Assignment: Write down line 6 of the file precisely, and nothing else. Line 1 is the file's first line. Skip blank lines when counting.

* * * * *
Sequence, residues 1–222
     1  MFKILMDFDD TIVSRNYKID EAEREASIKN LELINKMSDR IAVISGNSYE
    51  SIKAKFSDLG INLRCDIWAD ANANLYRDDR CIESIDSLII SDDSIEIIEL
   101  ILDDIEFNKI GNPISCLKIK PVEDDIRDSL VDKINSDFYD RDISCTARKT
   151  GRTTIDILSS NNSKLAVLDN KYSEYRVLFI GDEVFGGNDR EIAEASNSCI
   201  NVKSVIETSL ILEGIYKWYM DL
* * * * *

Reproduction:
   201  NVKSVIETSL ILEGIYKWYM DL